Kat Murrell
Visual Art

Easy Rider

Photographer and motorcyclist Josh Kurpius combines his two passions in images of cross-country cyclists.

By - May 9th, 2014 01:57 pm
Josh Kurpius, The Harvest Sun. Cherry Valley, Illinois. October 2010.

Josh Kurpius, The Harvest Sun. Cherry Valley, Illinois. October 2010.

“Dude, remember that time you…”

A lot of stories begin this way, and the 32 photographs on view in Living Lost at the Harley-Davidson Museum by biker Josh Kurpius are all about memory. Each is a image from trips with his friends, traveling the country on motorcycles and seeing what is often unseen along the way.

The Harvest Suntaken in October 2010, opens the show. Luminous autumn bathes two riders whose eyes are fixed on the road, trancelike and drawn toward an unseen sun. The background distance blurs out, but the rider in the foreground is in sharp focus. His waves of hair, combed by the wind, tell us all we need to know about speed.

Kurpius takes these road shots while on his bike, bringing the viewer along for a vicarious adventure. He started doing photography in his early 20s, about the same time as beginning to ride, and the two practices developed side-by-side. Shooting from the seat yields striking angles in a number of images. The gleaming fork of his Harley chopper stretches out as the pavement dissolves underneath its moving wheels, or he places us within a pack of riders tearing up country roads in afternoon and twilight.

Photographs by Josh Kurpius taken in ZZYZX, California, June 2012.

Photographs by Josh Kurpius taken in ZZYZX, California, June 2012.

Not all of the images come from the motion of the motorcycle. Traveling means there are a lot of physical details to contend with, between keeping the bikes running and saving one’s skin from the elements. Rain and heat are obstacles, as measured in the reaction of a rider in Nauseous Skies, with its gloomy feel of rainy dampness. No Charge Recharge and This Isnt ZZYZX reveal a clever refuge in the desert sun as Kurpius and friends take a momentary break in a huge drain pipe. There is a thrill of ingenuity in the middle of nowhere. The logistics of travel are underscored in120 Mile Stretch where expanses of Nevada  are crossed. Kurpius photographs two bikers riding parallel, heading off on an endless straight road with bright red gas cans strapped into the back of their rucksacks.

More than the physical demands of biking, the camaraderie of Kurpius and his fellow riders is the underlying theme of the exhibition. There is an easy fellowship that develops in being on the road. Hotels and campgrounds are not their home. Instead, abandoned farms make a place to stay for a night, or a picturesque lake becomes a point for momentary rest.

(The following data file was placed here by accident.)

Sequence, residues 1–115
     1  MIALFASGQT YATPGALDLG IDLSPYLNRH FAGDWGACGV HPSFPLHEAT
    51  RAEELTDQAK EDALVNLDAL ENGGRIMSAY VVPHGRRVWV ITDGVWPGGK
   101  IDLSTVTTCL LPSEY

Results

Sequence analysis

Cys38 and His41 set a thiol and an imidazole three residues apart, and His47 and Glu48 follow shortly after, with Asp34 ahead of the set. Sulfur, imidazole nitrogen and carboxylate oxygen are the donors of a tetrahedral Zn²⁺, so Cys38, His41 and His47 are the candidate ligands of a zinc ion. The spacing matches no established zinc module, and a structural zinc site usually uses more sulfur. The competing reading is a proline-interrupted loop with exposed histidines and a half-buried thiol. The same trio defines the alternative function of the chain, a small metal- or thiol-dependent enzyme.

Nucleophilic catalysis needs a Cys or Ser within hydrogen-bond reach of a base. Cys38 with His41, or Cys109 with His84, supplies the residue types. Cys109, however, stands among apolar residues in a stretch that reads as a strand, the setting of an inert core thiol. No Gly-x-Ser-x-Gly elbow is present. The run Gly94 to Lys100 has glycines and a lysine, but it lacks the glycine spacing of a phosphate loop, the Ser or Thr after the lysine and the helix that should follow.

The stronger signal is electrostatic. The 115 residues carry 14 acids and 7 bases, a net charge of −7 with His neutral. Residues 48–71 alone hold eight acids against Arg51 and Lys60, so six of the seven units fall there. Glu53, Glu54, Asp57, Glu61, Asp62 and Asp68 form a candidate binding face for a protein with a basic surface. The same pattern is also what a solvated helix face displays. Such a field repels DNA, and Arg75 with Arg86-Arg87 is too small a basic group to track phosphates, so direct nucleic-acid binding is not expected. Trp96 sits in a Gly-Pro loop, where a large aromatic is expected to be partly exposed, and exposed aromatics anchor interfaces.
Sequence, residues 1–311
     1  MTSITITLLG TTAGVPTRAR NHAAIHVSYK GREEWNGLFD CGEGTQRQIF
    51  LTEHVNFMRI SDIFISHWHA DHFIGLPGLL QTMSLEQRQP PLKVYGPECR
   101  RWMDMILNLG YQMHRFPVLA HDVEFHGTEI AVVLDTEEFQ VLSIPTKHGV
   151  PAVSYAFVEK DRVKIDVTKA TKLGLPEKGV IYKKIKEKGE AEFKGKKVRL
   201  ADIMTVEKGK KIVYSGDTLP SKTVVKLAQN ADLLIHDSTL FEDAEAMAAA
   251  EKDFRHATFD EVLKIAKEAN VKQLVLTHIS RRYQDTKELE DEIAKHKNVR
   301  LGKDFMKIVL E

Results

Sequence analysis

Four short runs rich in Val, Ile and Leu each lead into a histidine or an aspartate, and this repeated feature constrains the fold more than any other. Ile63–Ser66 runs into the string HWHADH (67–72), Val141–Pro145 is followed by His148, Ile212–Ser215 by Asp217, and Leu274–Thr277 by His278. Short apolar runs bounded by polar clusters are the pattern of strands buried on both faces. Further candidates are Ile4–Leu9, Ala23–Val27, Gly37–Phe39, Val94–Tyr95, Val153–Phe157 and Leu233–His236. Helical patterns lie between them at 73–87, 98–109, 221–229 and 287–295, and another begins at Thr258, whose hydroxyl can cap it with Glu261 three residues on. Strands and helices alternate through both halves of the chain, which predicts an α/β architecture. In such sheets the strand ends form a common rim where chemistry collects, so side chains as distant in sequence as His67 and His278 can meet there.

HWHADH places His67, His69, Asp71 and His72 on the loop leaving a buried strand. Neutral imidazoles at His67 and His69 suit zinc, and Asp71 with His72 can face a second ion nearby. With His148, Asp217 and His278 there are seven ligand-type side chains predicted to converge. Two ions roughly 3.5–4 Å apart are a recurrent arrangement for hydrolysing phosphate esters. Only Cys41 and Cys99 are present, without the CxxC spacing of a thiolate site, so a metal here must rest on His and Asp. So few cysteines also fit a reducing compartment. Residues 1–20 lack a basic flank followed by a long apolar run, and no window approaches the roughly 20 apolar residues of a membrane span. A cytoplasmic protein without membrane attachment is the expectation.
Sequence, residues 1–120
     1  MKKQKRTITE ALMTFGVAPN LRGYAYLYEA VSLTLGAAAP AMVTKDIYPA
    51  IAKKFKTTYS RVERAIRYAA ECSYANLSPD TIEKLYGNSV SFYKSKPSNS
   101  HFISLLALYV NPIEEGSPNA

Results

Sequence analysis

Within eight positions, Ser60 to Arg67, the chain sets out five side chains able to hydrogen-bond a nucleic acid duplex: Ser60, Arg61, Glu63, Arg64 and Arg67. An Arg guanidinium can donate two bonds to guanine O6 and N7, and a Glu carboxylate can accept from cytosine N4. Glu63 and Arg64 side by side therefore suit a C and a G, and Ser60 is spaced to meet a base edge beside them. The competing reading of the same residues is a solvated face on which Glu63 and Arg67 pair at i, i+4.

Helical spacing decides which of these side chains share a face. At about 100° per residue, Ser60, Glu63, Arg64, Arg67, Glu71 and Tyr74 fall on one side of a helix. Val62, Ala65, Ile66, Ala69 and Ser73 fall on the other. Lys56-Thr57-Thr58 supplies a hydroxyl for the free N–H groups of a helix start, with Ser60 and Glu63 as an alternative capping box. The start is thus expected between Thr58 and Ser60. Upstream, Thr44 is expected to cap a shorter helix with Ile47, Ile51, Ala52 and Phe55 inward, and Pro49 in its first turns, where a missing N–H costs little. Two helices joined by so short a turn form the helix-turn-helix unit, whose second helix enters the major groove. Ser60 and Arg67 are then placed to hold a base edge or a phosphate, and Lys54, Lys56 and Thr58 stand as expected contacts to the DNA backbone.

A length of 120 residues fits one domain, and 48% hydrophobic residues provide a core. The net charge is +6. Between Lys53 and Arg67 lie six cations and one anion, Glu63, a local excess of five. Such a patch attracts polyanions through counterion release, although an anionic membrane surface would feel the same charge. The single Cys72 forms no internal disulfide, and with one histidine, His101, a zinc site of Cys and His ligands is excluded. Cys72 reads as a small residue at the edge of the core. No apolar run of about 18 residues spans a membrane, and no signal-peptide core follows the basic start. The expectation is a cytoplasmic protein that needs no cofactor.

Kurpius’ photographs have been featured in Harley-Davidson’s HOG magazine, and his work is a momentary trip into the experience and mystique of the biking life. The exhibition closes its run soon but is something of a precursor to the upcoming show at the museum, The American Road. The images that Kurpius brings together are more of a personal view. His stories of friends and places are of the moment, yet capture the alluring draw of open spaces and places seen from the saddle of a bike.

Living Lost: Photographs by Josh Kurpius continues through May 18 at the Harley-Davidson Museum

Josh Kurpius, Pause. Mackinaw City, Michigan, September 2009.

Josh Kurpius, Pause. Mackinaw City, Michigan, September 2009.

(400 W Canal Street).





Mama Said, Mama Said 

Cocoon Room

820 E. Locust Street


Cocoon Room opens a new exhibition featuring photography, art, and crafts in honor of mothers. In addition to the visuals, other activities including chair massages and tarot readings will be part of the opening reception, bringing together aesthetic, physical, and spiritual relaxation.




Riverwest Random Recyclable Art & Gift Show: Mother’s Day Edition 

Falcon Bowl

801 E. Clarke Street


$1 admission, includes raffle ticket

This show brings together displays of handmade art and functional items crafted locally by artists using recycled materials. It’s a great place to find something to honor your mother, and event proceeds will go to help support the Milwaukee Public Theater’s summer artist workshops.



0 thoughts on “Visual Art: Easy Rider”

  1. Anonymous says:

    Sounds like a great exhibit! did Josh Kurpius have Harley-rider photos in the Milwaukee Art Museum exhibit a few years ago?

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